Monday, January 17, 2011

Sex is the mechanism of speciation! - For the Septicks

Some people truly become annoyed with the following What Ifs:
  1. What if speciation is more than an handy classification?
  2. What if speciation is an acquired skill?
  3. What if Sexual Selection is the mechanism of that skill?
Those people say that I'm completely wrong, and that I do not understand what a Species is. In their opinion:
"Species are only a human construction that is convenient for us humans to understand the world, but which has no special biological value."
However, I show some quotes that surely those people are unaware:
"The appearance of sexual reproduction i.e., syngamy, genetic recombination and meiosis has long been considered a major evolutionary threshold, giving rise to a fundamental increase in variation (Schopf et al. 1973), a novel ability to remove deleterious mutations (Muller 1964), and indeed ‘‘true’’ species and speciation (Stanley 1975). The presence of at least two distinct spore-producing phases in Bangiomorpha, and their close comparison to sexual phases in modern Bangia, presents a convincing case for eukaryotic sex by at least ca. 1200 Ma." - in Bangiomorpha pubescens n. gen., n. sp.: implications for the evolution of sex, multicellularity, and the Mesoproterozoic/ Neoproterozoic radiation of eukaryotes
and another one:
"Sexual reproduction predominates among organisms mainly because most evolutionary change is concentrated in speciation events, and asexual species cannot speciate in the normal sense. Asexual clones seldom diversify rapidly enough to overcome normal rates of extinction. In contrast, phylogenetic groups of sexual species (clades) commonly develop broad, heterogeneous adaptive zones rapidly enough to ensure survival." - in Clades versus clones in evolution: why we have sex
and last but not least:
"For over a century, the paradigm has been that sex invariably increases genetic variation, despite many renowned biologists asserting that sex decreases most genetic variation. Sex is usually perceived as the source of additive genetic variance that drives eukaryotic evolution vis-à-vis adaptation and Fisher's fundamental theorem. However, evidence for sex decreasing genetic variation appears in ecology, paleontology, population genetics, and cancer biology. The common thread among many of these disciplines is that sex acts like a coarse filter, weeding out major changes, such as chromosomal rearrangements (that are almost always deleterious), but letting minor variation, such as changes at the nucleotide or gene level (that are often neutral), flow through the sexual sieve." - in Sex reduces genetic variation: a multidisciplinary review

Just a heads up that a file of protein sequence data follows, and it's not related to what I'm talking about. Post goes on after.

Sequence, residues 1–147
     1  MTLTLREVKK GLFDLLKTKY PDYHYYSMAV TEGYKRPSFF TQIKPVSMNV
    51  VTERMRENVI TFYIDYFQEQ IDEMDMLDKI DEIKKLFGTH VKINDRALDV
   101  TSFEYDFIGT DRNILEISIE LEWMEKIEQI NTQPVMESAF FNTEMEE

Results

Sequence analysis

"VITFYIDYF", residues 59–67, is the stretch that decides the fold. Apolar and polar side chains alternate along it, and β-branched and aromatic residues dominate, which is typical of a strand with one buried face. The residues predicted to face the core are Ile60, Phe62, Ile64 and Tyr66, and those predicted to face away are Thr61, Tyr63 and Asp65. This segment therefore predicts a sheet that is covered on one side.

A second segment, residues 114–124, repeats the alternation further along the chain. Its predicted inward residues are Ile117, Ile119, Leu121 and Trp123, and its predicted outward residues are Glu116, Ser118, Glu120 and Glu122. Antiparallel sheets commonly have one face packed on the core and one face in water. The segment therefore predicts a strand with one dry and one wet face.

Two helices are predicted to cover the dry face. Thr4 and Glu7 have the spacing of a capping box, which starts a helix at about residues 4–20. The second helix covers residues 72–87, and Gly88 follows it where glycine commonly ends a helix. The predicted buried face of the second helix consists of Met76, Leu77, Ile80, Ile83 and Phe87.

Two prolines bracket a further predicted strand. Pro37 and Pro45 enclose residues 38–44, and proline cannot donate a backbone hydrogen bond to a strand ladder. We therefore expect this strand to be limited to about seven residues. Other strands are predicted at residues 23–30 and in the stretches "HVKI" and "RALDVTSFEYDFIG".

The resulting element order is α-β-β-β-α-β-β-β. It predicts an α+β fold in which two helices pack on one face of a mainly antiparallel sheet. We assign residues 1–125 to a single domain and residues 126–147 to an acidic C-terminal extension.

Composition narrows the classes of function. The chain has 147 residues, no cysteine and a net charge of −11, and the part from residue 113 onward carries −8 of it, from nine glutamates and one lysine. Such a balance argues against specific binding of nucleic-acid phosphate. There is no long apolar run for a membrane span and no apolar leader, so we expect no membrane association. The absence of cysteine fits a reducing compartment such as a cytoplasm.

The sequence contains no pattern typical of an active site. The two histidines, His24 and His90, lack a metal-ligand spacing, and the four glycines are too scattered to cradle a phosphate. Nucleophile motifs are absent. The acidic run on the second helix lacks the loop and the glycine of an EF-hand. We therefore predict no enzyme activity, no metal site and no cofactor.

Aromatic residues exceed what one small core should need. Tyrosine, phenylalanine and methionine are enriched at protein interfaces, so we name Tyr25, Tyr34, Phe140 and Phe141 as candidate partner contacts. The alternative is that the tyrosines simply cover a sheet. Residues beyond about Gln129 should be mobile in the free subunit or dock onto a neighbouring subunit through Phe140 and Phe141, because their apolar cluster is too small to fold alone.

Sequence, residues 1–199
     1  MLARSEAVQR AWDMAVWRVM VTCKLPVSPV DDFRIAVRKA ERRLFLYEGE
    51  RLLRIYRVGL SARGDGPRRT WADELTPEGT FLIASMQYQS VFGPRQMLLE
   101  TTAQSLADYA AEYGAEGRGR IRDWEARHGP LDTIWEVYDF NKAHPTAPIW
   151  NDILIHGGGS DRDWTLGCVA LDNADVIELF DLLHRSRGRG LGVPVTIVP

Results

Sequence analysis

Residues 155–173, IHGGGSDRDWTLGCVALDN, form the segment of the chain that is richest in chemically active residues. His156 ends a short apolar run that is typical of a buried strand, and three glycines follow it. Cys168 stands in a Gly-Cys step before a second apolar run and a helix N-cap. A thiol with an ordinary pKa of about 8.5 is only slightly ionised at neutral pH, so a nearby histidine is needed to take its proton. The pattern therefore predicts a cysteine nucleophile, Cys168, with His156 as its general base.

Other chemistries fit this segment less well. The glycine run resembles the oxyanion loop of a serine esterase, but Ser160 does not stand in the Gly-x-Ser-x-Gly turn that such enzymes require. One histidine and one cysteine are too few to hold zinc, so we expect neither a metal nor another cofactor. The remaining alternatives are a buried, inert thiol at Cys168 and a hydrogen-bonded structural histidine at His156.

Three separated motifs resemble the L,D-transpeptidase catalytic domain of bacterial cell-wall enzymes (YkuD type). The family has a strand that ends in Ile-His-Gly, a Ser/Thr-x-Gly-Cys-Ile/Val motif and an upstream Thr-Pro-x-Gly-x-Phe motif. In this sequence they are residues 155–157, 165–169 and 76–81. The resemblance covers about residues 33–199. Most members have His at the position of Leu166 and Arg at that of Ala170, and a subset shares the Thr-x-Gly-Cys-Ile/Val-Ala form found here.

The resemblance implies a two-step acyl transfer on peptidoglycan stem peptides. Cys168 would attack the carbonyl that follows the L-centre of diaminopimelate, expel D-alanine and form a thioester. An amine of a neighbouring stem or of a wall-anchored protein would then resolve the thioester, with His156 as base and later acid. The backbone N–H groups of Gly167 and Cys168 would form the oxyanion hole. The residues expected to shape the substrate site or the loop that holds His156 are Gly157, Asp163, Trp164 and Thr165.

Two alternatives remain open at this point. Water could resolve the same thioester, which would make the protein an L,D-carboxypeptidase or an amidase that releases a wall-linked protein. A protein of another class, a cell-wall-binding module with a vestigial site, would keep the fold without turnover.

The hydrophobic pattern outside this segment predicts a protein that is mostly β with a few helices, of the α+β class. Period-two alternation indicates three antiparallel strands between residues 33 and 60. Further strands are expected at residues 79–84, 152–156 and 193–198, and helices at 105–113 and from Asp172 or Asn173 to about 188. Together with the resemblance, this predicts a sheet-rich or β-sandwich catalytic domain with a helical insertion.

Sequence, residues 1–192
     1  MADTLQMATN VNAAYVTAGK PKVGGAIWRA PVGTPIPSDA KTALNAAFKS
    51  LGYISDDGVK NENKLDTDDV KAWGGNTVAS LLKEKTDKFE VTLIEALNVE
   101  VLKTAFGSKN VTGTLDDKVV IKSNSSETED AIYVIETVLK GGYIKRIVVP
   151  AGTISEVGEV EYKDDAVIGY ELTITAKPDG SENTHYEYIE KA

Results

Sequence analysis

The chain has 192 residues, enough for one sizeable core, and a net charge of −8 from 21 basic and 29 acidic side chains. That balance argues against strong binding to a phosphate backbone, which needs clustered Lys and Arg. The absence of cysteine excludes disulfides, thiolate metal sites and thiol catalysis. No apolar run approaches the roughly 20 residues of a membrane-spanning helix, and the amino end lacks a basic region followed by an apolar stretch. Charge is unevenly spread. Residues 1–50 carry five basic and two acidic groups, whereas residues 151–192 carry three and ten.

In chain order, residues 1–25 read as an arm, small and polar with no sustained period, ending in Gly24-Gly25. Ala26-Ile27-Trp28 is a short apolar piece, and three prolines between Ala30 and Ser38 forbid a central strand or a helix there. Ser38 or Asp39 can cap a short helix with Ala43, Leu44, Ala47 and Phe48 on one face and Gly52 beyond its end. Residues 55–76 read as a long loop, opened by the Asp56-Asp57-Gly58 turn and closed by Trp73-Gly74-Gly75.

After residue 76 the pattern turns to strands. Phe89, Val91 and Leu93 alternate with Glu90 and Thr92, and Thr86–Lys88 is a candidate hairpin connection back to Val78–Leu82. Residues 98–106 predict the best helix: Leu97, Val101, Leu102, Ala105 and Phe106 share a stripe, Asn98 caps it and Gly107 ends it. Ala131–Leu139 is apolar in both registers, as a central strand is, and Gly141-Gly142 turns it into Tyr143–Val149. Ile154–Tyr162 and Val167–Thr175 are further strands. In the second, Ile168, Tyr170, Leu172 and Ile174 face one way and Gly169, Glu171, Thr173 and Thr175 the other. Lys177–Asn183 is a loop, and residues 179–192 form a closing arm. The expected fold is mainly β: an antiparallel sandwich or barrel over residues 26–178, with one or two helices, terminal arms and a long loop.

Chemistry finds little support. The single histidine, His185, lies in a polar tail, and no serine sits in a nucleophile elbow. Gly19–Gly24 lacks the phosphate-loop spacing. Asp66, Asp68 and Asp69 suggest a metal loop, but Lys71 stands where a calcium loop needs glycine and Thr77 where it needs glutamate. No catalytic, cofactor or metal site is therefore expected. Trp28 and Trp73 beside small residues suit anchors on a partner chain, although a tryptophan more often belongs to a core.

Modern mature (multiseriate) Bangia atropurpurea in transverse cross-section. A–C, Asexual/vegetative filament showing the radially arranged wedgeshaped cells. D, Portion of female plant showing the 8–16 fertilized carpospores produced by each wedgeshaped cell. E, Portion of male plant showing the ca. 128 spermatia produced by each wedge-shaped cell. Redrawn from Garbary et al. 1980.

No special biological value? Are you kidding?

References:
An Open Letter about Natural and Sexual Selection by Rui Monteiro - 2010
The Truth about Species! - Part 1 (Why Sex)
The Truth about Species! - Part 2 (Cambrian Mystery)
The Truth about Species! - Part 3 (Inductive Nature)
The Truth about Species! - Part 4 (Entropic Nature)

2 comments:

  1. I stopped reading your blog after one sentence because you had several grammatical errors and cannot spell. Also, quit using Wikipedia as a source. Anyone can post on it and it is not scholarly. Suck less please.

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  2. English it's not my native language, and so I would appreciate any help. However, I'm not surprised that you don't like Wikipedia, clearly for you only scholars may speak. Maybe it's not just my posts that you can't get the point. Any way, if I was you, I would rather have write "... you had several grammatical errors and bad spelling" instead "... you had several grammatical errors and cannot spell".

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